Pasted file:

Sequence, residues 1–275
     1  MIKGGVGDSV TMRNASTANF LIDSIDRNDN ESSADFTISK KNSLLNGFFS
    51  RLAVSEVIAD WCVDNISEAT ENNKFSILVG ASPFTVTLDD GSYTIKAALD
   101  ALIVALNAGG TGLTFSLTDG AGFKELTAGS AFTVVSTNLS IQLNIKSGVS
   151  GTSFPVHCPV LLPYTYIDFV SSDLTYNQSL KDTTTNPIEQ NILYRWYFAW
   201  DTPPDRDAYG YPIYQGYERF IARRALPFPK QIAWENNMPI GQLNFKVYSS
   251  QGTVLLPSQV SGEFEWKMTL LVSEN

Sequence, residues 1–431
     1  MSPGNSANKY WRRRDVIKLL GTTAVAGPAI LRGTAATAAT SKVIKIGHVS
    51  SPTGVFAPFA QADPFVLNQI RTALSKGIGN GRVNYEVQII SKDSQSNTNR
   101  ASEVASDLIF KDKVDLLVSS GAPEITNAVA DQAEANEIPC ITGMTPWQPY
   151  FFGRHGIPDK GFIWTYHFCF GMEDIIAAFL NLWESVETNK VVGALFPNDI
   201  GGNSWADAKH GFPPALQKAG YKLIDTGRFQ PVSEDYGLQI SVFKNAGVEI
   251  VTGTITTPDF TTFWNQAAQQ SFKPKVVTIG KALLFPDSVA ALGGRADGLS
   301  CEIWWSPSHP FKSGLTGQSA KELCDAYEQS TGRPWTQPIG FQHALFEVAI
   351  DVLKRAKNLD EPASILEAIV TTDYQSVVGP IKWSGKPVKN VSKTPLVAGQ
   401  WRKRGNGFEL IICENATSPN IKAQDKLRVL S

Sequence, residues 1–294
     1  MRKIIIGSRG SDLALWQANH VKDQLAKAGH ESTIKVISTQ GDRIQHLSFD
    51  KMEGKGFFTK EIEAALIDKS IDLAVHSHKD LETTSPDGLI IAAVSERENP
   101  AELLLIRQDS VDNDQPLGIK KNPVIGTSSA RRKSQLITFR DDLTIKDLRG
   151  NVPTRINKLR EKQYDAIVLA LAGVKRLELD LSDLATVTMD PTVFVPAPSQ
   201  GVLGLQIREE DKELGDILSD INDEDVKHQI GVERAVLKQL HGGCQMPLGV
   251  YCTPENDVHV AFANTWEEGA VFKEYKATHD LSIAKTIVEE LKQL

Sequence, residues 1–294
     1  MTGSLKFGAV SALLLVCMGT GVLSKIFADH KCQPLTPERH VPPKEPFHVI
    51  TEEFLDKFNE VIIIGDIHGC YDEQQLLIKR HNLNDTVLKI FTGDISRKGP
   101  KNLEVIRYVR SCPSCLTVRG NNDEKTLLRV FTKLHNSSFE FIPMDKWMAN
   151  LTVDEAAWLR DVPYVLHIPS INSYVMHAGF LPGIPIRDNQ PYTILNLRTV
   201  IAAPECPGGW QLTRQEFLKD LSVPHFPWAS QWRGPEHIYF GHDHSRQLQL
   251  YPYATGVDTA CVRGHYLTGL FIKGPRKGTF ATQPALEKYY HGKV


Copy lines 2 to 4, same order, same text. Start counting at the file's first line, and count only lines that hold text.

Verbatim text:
     1  MIKGGVGDSV TMRNASTANF LIDSIDRNDN ESSADFTISK KNSLLNGFFS
    51  RLAVSEVIAD WCVDNISEAT ENNKFSILVG ASPFTVTLDD GSYTIKAALD
   101  ALIVALNAGG TGLTFSLTDG AGFKELTAGS AFTVVSTNLS IQLNIKSGVS